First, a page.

When Olga Kudinenko first heard of the work St. Jude Children’s Research Hospital does, she thought, “Maybe this is a legend, maybe this is not real.”
Olga was raising funds for Tabletochki Foundation, which she’d only recently founded at the age of 23. Like ALSAC, Tabletochki supports lifesaving research and care of pediatric cancer patients. This was 10 years ago in Ukraine, a country that was only 20 years old at the time. Having claimed independence from the former Soviet Union, there was no culture of formal philanthropy. This was the challenge, among many others, Olga was facing.
Five thousand miles away, St. Jude was celebrating its 50th anniversary and proving to Olga that her dream could come true. And over time, the ALSAC and St. Jude Global Alliance would show her how it might come true.
“Your support to St. Jude is really worldwide and it means so much to kids from developing countries,” Olga said recently to an audience of St. Jude partners.
Her optimism is infectious when viewed through the lens of her current situation. In the face of damage inflicted on her country and to her foundation. “In one moment, I don’t have home anymore,” she said. She told us, “My mind and my soul and my heart are in my hometown.”
In Ukraine, the survival rate for kids with cancer is just 50 percent. Olga and her Tabletochki colleagues have a dream and a plan to change that. The challenges have increased exponentially over the past two months, but so has Olga’s resolve. Unable to go home at this time, she’s on the phone, she says, 95 percent of the time. She checks on families supported by the foundation, on her staff, on her own family.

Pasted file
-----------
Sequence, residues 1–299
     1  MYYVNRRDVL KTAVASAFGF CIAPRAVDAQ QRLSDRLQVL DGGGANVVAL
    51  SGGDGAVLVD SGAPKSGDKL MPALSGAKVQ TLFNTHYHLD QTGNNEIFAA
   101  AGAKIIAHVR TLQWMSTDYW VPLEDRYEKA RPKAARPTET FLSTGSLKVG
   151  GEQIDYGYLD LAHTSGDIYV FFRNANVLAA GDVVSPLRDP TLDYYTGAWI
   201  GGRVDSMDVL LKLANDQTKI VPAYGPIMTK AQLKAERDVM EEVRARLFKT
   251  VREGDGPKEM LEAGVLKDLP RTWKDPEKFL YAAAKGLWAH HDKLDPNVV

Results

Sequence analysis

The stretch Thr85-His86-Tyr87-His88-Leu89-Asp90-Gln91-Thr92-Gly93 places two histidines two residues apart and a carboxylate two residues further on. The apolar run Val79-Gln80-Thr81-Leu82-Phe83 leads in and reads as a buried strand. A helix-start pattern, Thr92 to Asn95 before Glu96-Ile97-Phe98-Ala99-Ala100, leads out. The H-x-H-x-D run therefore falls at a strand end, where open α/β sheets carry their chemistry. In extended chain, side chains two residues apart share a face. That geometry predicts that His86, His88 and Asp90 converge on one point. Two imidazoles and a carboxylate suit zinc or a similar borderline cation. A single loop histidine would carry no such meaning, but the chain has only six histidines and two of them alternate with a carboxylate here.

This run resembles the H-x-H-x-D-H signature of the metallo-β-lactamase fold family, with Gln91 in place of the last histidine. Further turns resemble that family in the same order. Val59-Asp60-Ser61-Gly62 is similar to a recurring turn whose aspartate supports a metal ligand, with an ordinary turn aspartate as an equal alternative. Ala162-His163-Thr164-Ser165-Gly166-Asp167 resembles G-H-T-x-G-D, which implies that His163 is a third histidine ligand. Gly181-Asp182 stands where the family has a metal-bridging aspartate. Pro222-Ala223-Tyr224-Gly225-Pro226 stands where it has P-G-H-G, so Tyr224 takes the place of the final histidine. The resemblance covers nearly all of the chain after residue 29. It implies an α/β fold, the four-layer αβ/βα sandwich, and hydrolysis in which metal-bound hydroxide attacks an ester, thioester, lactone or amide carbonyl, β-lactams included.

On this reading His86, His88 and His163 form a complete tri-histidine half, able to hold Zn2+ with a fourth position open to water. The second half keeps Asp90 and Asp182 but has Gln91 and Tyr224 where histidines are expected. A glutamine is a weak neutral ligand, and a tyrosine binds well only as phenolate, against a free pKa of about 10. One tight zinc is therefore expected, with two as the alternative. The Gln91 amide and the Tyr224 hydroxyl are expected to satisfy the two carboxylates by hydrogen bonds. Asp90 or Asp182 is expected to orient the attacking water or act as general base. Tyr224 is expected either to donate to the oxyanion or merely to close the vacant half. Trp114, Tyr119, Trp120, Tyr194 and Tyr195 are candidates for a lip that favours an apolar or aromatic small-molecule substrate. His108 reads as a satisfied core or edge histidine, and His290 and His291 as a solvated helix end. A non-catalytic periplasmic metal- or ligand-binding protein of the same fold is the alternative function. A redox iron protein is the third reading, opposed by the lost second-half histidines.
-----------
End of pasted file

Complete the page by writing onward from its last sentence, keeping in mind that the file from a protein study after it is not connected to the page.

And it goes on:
Olga reminds me of Danny Thomas who, with little more than a dream to change the status quo of healthcare and philanthropy more than 60 years ago, set out on his journey without a roadmap. In the beginning, he was told it was impossible. But Danny, like Olga, chose to put his faith and trust in the empathy of others.
Here in the U.S., especially at St. Jude, service and giving back is a way of life. In countries with little to no resources, that’s the stuff of legend. But St. Jude, with all of you, our supporters, by its side, is here to help. Here to help try and raise the overall childhood cancer survival rate from less than 20 percent to 60 percent around the world, and to offer a roadmap to those who wish to join us on the journey.
Olga looks forward, always, toward a day when peace comes and the vision of a new, state-of-the-art pediatric oncology hospital near Kyiv becomes reality. She knows, thanks to St. Jude supporters and the beacon of hope St. Jude represents, that it can be done. That, with faith, trust and purpose, nothing is impossible.
For more information about the Tabletochki Foundation, visit https://www.globalgiving.org/projects/war-in-ukraine-help-children-with-cancer